Life doesn’t always give us a happy ending. Should fiction? Kirby Crow ponders this question in relation to her new collection of stories, Hammer and Bone. Let’s see what she has to say on the matter.
I think of stories like wagons or carts, one of those cute, rustic ones you see being pulled by a shaggy pony in Lord of the Rings. I load the cart up with things that appeal to me or that I need, beautiful things and grotesque, things I want to say or things that just need saying, and then I choose a street to wheel it down. Anything at all can be inside the cart, but the street is crucial.
Okay, it’s weird. Bear with me… The street is everything, because it doesn’t just represent the genre; it’s the unity that binds the story together, the reason for its existence, why I’m telling the story, how I’m telling it.
Hammer and Bone has a long history, and the original idea was to bring together a collection of diverse tales featuring non-white heroes. I knew that was going to be a hard sell to a publisher, but I got lucky and found a great one. Despite the triple-threat gamble of being a collection rather than a single story (difficult to market in any genre), non-white characters inhabiting most of the pages (ditto), and overall a wicked and occasionally disturbing read, Riptide believed in Hammer and Bone, and here we are.
I didn’t set out to write such a sinister book, but occasionally stories have a will of their own and depart on journeys you never considered, or expected to have to write your way out of. At one point, the process stalled completely. I was stuck and growing very frustrated with the path one of my characters was taking to resolve his troubles in the Southern gothic story, Sundog. Where some people might burn bridges, Michel would walk into the fire. It was the same with Bellew in the speculative world of Crank, who was inclined to hack through the middle of an obstacle, and Angelo in Hangfire, who took a road that only the most wronged would even consider.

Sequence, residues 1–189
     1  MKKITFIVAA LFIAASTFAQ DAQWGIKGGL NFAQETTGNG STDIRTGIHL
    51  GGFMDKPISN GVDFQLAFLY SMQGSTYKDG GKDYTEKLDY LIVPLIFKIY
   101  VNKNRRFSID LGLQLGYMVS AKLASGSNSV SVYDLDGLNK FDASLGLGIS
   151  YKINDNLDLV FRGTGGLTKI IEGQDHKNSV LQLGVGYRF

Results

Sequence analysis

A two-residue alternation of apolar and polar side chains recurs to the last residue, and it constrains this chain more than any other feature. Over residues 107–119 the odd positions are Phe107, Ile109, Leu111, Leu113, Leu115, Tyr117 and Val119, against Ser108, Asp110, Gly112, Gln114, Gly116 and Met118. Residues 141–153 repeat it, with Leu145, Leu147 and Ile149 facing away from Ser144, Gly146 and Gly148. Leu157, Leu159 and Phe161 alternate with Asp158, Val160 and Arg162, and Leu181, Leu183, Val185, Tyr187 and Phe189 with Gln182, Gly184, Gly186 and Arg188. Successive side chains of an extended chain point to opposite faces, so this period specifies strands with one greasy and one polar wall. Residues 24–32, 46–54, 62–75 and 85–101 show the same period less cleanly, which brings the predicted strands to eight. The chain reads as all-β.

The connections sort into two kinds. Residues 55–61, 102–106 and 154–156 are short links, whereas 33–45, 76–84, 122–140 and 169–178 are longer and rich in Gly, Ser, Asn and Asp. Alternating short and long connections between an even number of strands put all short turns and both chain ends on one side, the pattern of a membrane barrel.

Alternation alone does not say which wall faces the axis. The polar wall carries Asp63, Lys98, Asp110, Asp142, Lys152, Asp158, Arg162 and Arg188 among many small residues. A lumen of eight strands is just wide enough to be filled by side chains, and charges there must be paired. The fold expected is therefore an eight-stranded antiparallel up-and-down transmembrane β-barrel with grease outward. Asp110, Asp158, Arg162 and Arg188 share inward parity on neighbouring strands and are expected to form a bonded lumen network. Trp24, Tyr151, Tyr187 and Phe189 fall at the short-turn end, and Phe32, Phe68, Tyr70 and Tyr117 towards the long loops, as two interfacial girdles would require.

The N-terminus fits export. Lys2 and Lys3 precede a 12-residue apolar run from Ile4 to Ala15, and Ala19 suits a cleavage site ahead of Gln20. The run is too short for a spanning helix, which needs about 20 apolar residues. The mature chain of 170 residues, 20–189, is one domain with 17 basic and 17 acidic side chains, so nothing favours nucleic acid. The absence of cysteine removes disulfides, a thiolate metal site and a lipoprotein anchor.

My heroes were strolling willingly down the most painful streets, when taking a detour or even walking away would have been so much easier. I wondered what kind of courage that was, if there was a name for the kind of bravery that smiles at the devil just until his back is turned.
I began complaining to my husband about them. I drank too much coffee and slept poorly and I wondered loudly and dramatically if I should rewrite their existence. Life had given them options that were too narrow. Their worlds were too frightening. Things probably weren’t going to turn out well for them.
He shrugged. “It sounds like life to me.”
There is that, yeah. Every life is backbreaking in its own way, even fictional ones. The main quality I’d struggled to reflect in the stories was honesty, and although steering your readers to a fair sunset is usually the point of storytelling, it isn’t always what happens in real life.
Sometimes it’s not what should happen, either. Not every character deserves a pretty sunset.
That was when I stopped trying to push it all down the road to Happily Ever After, or any destination that didn’t feel true. I wanted readers to turn the page thinking Yes. That’s exactly how that would have gone down.
Don’t worry, it’s not all constant anguish and despair. Sometimes there’s a happy ending and sometimes not, but the somber, seductive travelers of Hammer and Bone hereby promise to charm and entertain you in their own grim ways, as they invite you to question what perilous roads you might choose if you were snared into their worlds.